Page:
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What Are Bid Surety Bonds?


Construction companies seeking work on public projects must obtain bid bonds. These guarantees ensure their ability to enter into contracts, should they be awarded one. In the event of withdrawal from such projects, owners of public works projects can file claims against these bonds with surety companies. Discover the best info about bid surety bonds.

Bid surety bonds must pass an extensive examination by their surety company, which includes evaluating the capital, character, and capacity of the owners.

Indemnity Agreement

As someone new to bonding, you may have many questions about indemnity agreements. They’re more than simply industry standards – they represent serious liabilities that could cost you significant sums if they’re misinterpreted.

An indemnity agreement is a legally binding agreement that requires principals to assume full financial responsibility for bond claims rather than passing them on to their bonding company. Therefore, it’s vital to choose an experienced bonding agency that can explain how bonds work, what guarantees are provided for under their bonds, and who bears liability in case claims are filed.

Indemnity bonds are typically governed by state statutes that may differ depending on your location. Regardless, their general principles remain the same: A bond is a contract formed when a surety provider agrees, for a fee (called a premium), to guarantee something. That guarantee is usually given to an entity known as an obligee – typically project owners in cases such as bid bonds and performance, labor, and material payment bonds.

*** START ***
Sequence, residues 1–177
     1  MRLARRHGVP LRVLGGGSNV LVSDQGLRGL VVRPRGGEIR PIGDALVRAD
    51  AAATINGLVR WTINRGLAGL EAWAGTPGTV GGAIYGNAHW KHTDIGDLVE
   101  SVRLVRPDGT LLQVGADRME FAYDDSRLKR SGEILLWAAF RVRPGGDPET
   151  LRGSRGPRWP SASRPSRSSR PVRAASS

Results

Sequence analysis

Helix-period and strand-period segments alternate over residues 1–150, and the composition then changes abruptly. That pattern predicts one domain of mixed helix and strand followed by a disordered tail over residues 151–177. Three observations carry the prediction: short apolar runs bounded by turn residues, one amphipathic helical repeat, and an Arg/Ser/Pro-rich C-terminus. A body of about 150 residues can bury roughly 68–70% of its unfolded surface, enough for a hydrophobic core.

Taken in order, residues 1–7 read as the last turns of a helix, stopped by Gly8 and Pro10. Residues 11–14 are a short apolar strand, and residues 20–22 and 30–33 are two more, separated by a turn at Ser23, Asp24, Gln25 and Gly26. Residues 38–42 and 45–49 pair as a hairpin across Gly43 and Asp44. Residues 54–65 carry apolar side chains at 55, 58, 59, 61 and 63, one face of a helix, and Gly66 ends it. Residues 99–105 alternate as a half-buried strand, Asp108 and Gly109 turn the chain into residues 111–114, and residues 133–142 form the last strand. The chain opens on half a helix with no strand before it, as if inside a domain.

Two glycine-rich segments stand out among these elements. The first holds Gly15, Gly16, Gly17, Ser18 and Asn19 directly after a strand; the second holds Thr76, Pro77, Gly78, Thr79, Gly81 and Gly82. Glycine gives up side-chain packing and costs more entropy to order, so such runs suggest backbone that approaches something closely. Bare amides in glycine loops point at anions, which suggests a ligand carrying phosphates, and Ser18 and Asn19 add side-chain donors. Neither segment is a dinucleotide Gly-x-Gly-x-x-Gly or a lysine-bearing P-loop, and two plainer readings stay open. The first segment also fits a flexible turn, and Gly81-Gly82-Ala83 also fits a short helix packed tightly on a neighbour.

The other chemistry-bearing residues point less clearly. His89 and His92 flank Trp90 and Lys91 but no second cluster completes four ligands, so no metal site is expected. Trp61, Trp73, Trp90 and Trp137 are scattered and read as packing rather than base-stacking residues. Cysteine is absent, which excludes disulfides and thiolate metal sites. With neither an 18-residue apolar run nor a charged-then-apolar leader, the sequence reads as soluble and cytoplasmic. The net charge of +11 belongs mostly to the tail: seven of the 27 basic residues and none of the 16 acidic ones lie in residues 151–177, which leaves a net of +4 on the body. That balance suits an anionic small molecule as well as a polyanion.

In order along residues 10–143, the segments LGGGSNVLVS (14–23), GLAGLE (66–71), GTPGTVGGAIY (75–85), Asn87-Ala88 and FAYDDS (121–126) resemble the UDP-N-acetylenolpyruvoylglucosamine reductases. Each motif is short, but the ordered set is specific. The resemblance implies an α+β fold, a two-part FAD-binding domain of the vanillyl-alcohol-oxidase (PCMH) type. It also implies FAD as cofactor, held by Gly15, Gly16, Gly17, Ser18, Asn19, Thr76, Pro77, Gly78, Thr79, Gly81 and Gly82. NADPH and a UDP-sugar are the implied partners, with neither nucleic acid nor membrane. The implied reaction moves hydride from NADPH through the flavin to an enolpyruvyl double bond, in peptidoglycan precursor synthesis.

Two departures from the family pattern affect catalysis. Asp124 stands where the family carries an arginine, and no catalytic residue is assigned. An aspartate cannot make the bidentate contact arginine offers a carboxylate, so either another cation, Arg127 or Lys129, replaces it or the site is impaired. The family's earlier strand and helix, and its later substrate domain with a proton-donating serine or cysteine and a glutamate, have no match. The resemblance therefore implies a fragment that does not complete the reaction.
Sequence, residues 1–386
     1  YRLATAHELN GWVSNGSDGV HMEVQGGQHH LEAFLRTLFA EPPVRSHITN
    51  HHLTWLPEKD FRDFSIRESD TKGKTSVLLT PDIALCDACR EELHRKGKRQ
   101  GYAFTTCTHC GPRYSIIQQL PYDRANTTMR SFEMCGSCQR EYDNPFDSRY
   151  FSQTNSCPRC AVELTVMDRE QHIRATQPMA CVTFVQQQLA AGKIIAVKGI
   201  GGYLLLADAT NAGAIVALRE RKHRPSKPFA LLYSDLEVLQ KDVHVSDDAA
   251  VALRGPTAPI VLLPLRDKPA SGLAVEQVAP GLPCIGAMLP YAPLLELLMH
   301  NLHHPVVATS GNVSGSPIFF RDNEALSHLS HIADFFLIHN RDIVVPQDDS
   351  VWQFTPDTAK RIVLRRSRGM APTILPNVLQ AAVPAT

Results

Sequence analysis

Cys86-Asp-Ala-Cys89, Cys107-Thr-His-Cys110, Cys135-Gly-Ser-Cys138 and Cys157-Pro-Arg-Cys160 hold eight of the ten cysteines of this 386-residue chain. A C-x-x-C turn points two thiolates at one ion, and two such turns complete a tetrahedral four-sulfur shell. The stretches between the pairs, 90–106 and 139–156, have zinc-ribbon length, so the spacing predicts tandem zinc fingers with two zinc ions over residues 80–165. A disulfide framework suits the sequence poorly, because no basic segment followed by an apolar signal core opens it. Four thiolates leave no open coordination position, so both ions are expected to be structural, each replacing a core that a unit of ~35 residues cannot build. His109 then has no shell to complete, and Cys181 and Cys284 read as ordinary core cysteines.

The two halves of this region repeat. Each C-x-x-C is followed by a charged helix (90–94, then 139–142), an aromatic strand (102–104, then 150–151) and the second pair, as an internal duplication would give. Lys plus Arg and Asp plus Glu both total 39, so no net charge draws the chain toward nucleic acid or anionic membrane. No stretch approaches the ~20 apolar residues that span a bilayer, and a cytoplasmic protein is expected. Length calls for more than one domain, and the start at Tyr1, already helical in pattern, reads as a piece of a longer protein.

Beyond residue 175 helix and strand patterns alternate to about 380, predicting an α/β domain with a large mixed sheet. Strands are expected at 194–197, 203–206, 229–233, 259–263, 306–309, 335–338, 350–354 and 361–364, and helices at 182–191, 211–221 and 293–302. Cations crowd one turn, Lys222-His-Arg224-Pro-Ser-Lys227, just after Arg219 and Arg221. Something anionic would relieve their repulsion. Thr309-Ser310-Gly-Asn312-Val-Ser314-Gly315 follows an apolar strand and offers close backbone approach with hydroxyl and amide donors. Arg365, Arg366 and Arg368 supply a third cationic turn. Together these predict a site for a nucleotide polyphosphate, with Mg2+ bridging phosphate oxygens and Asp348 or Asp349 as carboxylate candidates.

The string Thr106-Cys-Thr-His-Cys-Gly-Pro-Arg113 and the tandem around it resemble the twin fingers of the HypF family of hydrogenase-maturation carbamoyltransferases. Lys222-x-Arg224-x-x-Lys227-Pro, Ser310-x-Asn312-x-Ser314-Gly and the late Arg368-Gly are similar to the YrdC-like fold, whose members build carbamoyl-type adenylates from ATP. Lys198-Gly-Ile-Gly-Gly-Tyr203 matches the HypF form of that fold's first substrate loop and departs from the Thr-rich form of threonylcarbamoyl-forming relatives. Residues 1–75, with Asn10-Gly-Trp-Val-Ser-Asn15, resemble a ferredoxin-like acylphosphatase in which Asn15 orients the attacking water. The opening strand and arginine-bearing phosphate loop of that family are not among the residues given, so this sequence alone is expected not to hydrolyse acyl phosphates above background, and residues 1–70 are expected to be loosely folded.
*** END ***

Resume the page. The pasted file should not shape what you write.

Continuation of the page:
Indemnity bonds give surety providers great power in terms of making payments, so they should include standards of good faith and reasonableness when issuing them. Otherwise, you could establish that they acted improperly when making a payout decision.

Performance Bond

Many service contracts, such as those for school bus services and janitorial services, require contractors to post bid surety bonds to be considered for them. Once awarded the contract, this bond acts as an insurance policy against contracts being entered into and guarantees proof of insurance, performance bonds, and any other documents needed by the client.

If a selected contractor fails to sign their contract upon receiving the project award, the project owner can file a claim against their bid bond to recover any lost revenue. It should be noted, however, that bid bonds don’t cover failures during construction; should such happen, the project owner may need to hire another contractor, and a performance bond would cover these expenses.

As with any surety bond, underwriters evaluate a contractor’s credit, financial standing, industry experience, and equipment needs to determine whether they qualify for a bid bond. This process may take some time and require documents like business and personal financial statements. Smaller amounts available through streamlined underwriting programs can help shorten this time.